When Deanna Zalas ran for a seat on the Riverside-Brookfield High School District 208 Board of Education back in 2019, she hadn’t expected to be its president, much less its president in the midst of a pandemic.
But that’s what happened in 2021, when the school board president at that time, Wes Smithing, lost his bid for re-election. After a 6-1 vote, Zalas stepped into the vacancy and the spotlight.
The high school managed to get through the end of that first pandemic school year and the second in 2021-22 with a minimum of public controversy. While there were points of disagreement about the extent to which the school should open its doors to more students, the school board generally followed state and federal health guidelines.
“We didn’t debate matters that were not ours to debate,” Zalas said. “We had people on both sides of the spectrum, but for the most part people want their kids to get the best education possible in the safest possible environment. And that’s what we had to respond to.”
At the same time, the school board ratified a new contract with the teachers’ union and got a long-term commitment from Superintendent Kevin Skinkis who signed a new four-year deal last July, giving the next school board space to concentrate on meeting district goals.
That should be the focus of the board that’s seated after the April 4 election, Zalas said.
“I have no dramatic agenda for you,” Zalas said. “I firmly believe RB is an excellent school, and going back to a culture of continuous improvement needs to be the board’s job. What are we doing well, how do we do it better?”
Zalas, a 50-year-old Riverside resident with twin boys attending the school, is one of five candidates, and one of three incumbents, seeking four four-year terms on the District 208 Board of Education.
Apart from incumbent Laura Hruska, who is running for her fifth term on the school board, and Mike Welch, who is one of two people seeking a two-year term, the RBHS school board does not have a wealth of experience.
Carolyn Lach, who was appointed to the District 208 board last November and is Welch’s opponent for the two-year terms, served previously on the Komarek Elementary School District 94 Board of Education.
No other incumbent has served more than four years on the RBHS school board.
First-time candidates, says Zalas, often bring enthusiasm and look to bring change. They quickly find out, however, that being a volunteer school board member means long hours and decisions on often unglamorous matters, like heating systems, roofs and – at least for the past two years – navigating a pandemic.
“We are bound by statutes, we are bound by labor contracts, we are bound by our enrollment, we’re bound by our finances,” Zalas said. “We as a board can engage all of the partners and try to figure out how to put those pieces together, but we don’t have carte blanche.”
Zalas pointed to the school board’s adoption of a new mission statement in 2021 and then revising the district goals in 2022 as a roadmap for the incoming school board for the next four years.
“This was the first year of having measurable goals based on the mission statement,” Zalas said. “We need to augment those goals for the next year, make them more robust and ensure there’s accountability. Goals are only as good as the accountability you attach to it.”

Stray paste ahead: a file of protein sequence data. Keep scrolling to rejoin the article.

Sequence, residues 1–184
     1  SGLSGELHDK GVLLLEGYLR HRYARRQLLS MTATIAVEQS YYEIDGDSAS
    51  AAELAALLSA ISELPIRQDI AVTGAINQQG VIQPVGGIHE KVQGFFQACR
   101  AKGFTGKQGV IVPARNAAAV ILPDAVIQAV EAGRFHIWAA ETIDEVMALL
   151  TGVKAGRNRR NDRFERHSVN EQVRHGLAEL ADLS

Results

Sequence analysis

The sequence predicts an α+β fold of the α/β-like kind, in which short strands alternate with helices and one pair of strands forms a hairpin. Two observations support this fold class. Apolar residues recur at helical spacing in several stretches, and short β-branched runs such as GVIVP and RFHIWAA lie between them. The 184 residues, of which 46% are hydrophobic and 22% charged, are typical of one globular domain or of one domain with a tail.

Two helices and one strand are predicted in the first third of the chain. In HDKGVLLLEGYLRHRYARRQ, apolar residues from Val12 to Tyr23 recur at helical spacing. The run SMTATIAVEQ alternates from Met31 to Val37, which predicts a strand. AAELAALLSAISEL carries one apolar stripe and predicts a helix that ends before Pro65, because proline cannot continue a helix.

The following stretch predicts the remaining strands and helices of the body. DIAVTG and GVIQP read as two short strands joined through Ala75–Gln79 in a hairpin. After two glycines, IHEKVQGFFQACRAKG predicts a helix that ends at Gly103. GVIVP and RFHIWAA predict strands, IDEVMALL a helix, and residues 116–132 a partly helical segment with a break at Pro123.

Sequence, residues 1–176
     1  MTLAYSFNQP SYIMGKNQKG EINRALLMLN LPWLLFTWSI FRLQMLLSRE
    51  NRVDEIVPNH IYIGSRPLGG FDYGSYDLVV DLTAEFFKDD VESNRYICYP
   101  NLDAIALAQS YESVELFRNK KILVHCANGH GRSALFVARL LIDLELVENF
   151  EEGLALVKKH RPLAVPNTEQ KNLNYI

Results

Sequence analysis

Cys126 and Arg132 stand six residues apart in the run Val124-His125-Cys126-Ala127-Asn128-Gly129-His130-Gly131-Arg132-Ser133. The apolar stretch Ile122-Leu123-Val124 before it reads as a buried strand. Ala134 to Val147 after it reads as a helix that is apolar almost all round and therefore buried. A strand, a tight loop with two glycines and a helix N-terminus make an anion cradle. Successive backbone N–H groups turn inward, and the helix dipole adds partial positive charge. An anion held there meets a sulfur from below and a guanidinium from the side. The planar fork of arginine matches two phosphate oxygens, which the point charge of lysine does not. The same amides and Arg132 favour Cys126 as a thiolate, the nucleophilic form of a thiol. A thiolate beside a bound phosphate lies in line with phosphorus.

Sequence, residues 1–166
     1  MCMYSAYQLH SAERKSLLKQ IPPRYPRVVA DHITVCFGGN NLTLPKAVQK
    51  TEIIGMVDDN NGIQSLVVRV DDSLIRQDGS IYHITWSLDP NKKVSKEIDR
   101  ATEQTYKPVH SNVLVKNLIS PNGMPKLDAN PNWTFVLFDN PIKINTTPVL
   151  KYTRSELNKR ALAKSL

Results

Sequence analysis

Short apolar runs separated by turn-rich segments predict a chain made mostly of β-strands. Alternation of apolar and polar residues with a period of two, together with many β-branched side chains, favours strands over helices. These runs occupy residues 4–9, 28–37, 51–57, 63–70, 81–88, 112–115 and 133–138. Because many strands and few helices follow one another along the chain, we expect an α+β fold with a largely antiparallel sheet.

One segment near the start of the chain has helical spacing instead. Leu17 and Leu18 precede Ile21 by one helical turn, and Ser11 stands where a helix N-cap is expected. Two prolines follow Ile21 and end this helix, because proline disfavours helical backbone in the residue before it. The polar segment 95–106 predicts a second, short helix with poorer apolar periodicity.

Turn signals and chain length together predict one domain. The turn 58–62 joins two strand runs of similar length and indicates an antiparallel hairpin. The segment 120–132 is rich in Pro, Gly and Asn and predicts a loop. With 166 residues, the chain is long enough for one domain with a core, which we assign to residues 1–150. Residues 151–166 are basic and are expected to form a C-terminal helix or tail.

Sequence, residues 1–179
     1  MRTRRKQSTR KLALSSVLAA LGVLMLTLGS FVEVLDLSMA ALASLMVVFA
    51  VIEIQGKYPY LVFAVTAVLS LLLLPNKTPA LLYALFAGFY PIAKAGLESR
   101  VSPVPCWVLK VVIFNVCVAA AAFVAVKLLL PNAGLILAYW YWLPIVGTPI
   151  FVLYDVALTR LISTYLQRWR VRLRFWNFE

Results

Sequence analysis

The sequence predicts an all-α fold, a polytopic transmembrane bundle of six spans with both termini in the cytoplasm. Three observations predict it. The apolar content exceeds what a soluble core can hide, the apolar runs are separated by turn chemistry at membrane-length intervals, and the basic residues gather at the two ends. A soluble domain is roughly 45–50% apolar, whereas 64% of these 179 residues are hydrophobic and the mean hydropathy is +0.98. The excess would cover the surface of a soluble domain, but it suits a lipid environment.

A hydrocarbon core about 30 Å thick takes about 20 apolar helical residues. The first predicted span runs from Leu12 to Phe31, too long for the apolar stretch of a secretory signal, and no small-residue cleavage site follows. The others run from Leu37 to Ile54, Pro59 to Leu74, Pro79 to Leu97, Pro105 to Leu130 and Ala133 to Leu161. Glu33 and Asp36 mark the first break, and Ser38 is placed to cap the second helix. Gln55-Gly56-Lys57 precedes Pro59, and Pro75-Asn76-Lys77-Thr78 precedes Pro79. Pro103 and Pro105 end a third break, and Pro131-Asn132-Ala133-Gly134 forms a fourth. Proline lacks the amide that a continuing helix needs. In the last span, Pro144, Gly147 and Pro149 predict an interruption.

Among those goals were ongoing training and engagement in diversity, equity and inclusion and, especially in light of the challenges the pandemic brought, providing opportunities to address the social-emotional needs of students.
Regarding equity, Zalas said, “It’s not a change you make overnight. It’s about increasing awareness to what it means to be equitable and then how do you chip away at, how do you build an organization that values equity?”
She acknowledged the high school’s efforts to provide students who may not be on a college track to access dual-enrollment programs that could lead to employment opportunities after graduation.
Asked if the school should expand those offerings, she said the school board needed to dig into data to see exactly how to proceed.
“We do have dual-credit opportunities on the books [and] they are utilized,” Zalas said. “Understanding who is utilizing them, when and what the future opportunities are is really important.”
There has been a good deal of enrollment in career development classes, Zalas said.
“How do we then partner that interest with opportunities that are out there?” she asked. “I don’t think it’s a matter of diminishing the requirements or the rigor of RB’s academic catalog.
“But I do think those dual-credit arrangements are attractive to many people. And as college becomes more expensive, their attractiveness only goes up.”
In terms of social-emotional needs, Zalas pointed to initiatives rolled out as students made their way back into classrooms to address mental health and learning loss.
“We used federal dollars to capture programs out of West 40, so we provided additional supports there, additional school social workers, reporting software to capture people’s social-emotional health in addition to their academic [performance] and attendance,” Zalas said.
While Zalas won election for the first time in 2019, she is no stranger to public service. After working for the CTA for 14 years, she for the last decade has been the director of the Cook County Department of Risk Management.
“I’m a big believer in public service jobs,” Zalas said.